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The Globe and Mail

Penalty kill the crucial difference for Stanley Cup champions

Los Angeles Kings left wing Dustin Penner (25) is escorted off the ice after a penalty during the third period of Game 2 of the NHL hockey Stanley Cup Western Conference finals against the Phoenix Coyotes, Tuesday, May 15, 2012, in Glendale, Ariz.

Matt York/Associated Press

Special teams, we are always told, are the difference between champions and also-rans in the NHL playoffs.

Well, based on recent evidence, that is half-right, which might spell trouble for the New Jersey Devils when they open the Stanley Cup final Wednesday at home against the Los Angeles Kings. For it is penalty killing that is the crucial difference for Cup champions, not the power play, which gives the edge on paper to the Kings.

In the last four years, only one team, the 2010 Chicago Blackhawks, that won the Stanley Cup cracked the top five in the postseason power-play statistics. However, all four champions except the Boston Bruins last year were in the top five in penalty killing. But the Bruins' 84.4-per-cent success rate in 2011, which was sixth, was better than the Blackhawks in 2010 (83.3) and the Pittsburgh Penguins in 2009 (83.3). In 2008, the Detroit Red Wings were fourth in the NHL playoffs with a success rate of 85.7 per cent.

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So far in this year's playoffs, the Kings' power play is almost the same as the feeble unit iced by the 2011 Bruins, which was 14th among the 16 teams in the playoffs with an 11.4-per-cent success rate. The Kings are an embarrassing 8.1-per-cent on the power play, which puts them 15th in the post-season ranking.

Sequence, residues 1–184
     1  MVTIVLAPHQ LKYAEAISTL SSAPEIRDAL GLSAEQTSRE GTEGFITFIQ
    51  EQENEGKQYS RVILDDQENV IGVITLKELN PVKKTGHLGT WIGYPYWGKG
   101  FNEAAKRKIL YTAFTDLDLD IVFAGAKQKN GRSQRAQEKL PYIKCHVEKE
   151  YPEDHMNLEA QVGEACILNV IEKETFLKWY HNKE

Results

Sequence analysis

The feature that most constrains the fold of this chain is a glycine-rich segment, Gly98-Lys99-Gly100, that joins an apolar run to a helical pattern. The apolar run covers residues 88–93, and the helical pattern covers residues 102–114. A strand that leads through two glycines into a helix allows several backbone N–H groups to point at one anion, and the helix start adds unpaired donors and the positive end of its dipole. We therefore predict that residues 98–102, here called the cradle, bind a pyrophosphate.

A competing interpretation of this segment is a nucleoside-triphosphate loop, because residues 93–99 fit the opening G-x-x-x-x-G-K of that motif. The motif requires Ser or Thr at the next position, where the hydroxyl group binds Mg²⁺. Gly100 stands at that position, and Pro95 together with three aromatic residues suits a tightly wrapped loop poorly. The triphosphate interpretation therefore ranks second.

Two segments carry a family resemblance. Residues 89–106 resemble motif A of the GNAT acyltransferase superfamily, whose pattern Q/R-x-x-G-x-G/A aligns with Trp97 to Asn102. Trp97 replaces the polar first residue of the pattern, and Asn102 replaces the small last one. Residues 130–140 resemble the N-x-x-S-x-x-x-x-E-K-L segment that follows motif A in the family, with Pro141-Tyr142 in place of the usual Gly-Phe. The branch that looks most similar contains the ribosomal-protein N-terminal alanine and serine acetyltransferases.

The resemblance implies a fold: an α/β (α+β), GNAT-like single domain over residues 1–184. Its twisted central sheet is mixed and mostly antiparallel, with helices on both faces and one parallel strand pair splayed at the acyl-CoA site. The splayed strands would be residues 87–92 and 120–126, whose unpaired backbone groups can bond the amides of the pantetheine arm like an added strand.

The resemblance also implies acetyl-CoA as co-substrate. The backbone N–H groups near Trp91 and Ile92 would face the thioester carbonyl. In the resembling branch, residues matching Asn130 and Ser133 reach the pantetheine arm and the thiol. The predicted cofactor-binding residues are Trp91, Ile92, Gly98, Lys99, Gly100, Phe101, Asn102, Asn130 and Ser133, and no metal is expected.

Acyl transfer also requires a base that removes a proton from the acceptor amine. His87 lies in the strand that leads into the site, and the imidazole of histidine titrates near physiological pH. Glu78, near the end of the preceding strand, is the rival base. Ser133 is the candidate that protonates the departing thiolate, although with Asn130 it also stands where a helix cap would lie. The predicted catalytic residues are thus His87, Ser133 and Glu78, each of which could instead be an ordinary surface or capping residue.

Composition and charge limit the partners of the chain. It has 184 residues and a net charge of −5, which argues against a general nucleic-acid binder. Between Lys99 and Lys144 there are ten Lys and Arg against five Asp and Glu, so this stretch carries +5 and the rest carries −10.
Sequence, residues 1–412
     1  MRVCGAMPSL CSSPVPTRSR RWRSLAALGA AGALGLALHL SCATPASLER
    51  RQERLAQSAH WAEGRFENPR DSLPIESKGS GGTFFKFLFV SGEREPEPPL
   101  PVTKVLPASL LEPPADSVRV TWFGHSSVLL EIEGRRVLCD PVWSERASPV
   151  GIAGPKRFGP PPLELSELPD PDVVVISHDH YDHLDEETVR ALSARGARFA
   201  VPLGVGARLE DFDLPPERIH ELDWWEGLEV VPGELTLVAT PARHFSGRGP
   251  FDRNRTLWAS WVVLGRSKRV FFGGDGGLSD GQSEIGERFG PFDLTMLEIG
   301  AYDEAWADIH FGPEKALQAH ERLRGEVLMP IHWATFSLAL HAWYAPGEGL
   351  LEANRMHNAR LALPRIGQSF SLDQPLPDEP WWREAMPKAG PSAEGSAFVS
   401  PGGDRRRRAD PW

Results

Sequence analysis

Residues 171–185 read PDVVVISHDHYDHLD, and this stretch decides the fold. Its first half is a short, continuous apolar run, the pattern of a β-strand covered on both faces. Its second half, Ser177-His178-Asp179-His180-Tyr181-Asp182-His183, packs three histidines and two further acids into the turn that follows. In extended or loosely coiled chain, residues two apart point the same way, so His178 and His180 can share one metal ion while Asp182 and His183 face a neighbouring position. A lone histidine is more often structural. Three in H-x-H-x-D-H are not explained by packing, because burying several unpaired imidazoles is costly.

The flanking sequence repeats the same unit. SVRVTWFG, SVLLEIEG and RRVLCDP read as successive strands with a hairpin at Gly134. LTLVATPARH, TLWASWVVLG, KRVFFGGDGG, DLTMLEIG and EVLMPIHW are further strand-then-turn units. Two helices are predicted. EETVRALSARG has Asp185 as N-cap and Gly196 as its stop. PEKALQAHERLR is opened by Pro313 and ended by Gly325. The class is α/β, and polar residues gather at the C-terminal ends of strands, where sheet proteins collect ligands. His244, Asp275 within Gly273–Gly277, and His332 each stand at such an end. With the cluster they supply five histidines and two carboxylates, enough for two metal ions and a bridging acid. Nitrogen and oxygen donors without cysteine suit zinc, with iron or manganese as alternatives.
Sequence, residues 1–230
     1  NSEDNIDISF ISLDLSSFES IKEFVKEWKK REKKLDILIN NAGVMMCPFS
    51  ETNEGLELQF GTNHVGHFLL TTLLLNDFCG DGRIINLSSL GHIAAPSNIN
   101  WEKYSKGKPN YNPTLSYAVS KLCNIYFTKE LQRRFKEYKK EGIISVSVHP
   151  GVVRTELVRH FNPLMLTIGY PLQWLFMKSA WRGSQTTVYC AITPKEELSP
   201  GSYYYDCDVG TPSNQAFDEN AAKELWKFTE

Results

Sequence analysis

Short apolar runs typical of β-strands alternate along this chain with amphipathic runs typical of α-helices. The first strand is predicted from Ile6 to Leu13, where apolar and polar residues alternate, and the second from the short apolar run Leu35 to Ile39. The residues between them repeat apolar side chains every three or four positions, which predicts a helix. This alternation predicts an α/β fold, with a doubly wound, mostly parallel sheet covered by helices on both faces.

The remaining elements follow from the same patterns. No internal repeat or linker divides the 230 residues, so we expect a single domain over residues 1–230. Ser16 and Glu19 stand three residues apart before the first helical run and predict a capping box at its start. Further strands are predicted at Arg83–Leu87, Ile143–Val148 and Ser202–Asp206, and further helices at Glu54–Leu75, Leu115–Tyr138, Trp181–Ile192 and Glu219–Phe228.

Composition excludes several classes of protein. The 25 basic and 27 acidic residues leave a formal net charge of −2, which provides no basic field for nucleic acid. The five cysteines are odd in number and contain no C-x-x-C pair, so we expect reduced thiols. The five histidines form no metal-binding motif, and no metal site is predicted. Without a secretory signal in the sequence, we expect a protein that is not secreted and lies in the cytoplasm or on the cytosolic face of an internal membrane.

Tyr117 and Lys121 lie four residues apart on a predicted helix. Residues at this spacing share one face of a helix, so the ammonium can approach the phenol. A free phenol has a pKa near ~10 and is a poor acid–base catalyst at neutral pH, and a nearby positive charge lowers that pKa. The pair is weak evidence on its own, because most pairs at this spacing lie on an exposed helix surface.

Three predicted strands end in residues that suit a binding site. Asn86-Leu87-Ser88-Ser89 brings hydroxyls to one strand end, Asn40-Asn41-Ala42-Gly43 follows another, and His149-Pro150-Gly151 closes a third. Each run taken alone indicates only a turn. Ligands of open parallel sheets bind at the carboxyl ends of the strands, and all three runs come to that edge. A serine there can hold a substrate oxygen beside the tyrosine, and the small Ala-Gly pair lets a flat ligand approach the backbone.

The Devils' power play is a distant fourth to the Philadelphia Flyers, Florida Panthers and the Penguins, who are all above 30 per cent, but its 18.2 per cent is still more than twice as good as the Kings'. The trouble is, the Kings are vastly superior on the penalty kill, as they sit second with a 91.2-per-cent success rate with the Devils 13th at 74.2-per-cent.

What is even more impressive about the Kings is that their penalty killers are an important part of their offence. They scored five shorthanded goals so far this spring, which is two more goals than they scored playing with a one-man advantage. They scored their other three power-play goals in five-on-three situations.

The Kings may have a mere six power-play goals in the playoffs, but it leaves them at plus-one when you subtract the measly five power-play goals they surrendered. Throw in their five shorthanded goals and it's plus-six on special teams. The Devils, on the other hand, have 12 power-play goals but have given up 16 to opposition power plays, which leaves them at minus-four. They do have one shorthanded goal, so make it minus-three for the Devils on special teams. Still not encouraging.

However, there are some things to note about the Devils. In the last three games against the New York Rangers in the Eastern Conference final, they killed off all six Ranger power plays and produced a power-play goal in two of the last three games. The Devils were also No. 1 in the NHL in penalty killing during the regular season with an 89.6-per-cent success rate while the Kings were fourth at 87.

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